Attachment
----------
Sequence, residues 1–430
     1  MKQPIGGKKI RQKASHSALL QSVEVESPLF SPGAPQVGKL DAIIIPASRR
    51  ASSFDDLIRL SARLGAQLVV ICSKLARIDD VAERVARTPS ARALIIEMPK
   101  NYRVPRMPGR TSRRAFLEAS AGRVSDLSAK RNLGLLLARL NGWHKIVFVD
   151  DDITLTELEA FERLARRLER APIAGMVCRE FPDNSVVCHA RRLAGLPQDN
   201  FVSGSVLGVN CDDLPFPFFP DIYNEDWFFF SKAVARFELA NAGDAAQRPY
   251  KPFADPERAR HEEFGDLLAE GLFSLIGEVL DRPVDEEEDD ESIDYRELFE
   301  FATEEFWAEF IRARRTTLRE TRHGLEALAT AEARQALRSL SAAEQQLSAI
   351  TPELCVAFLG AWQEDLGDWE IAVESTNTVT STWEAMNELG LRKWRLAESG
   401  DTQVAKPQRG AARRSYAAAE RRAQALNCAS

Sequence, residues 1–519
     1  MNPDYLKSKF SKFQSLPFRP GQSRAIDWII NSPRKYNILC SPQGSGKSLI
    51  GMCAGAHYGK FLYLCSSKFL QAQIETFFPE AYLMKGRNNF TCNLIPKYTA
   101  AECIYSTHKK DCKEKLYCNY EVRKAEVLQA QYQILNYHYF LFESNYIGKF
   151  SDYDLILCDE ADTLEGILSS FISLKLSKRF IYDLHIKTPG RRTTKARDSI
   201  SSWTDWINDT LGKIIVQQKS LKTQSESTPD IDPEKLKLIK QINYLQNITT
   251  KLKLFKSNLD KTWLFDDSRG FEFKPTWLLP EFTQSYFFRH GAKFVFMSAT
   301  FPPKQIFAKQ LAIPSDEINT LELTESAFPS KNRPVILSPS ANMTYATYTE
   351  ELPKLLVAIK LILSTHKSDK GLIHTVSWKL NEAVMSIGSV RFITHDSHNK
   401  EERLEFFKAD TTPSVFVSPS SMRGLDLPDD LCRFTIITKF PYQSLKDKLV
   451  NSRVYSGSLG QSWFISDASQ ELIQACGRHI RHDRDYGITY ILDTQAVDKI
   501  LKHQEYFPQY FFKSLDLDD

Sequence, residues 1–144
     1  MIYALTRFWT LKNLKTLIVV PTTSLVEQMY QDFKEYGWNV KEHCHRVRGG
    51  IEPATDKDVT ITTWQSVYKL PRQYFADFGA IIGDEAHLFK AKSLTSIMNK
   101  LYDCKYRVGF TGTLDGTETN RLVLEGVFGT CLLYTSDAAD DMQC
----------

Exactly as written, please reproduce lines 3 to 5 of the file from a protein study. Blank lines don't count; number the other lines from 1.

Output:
    51  ASSFDDLIRL SARLGAQLVV ICSKLARIDD VAERVARTPS ARALIIEMPK
   101  NYRVPRMPGR TSRRAFLEAS AGRVSDLSAK RNLGLLLARL NGWHKIVFVD
   151  DDITLTELEA FERLARRLER APIAGMVCRE FPDNSVVCHA RRLAGLPQDN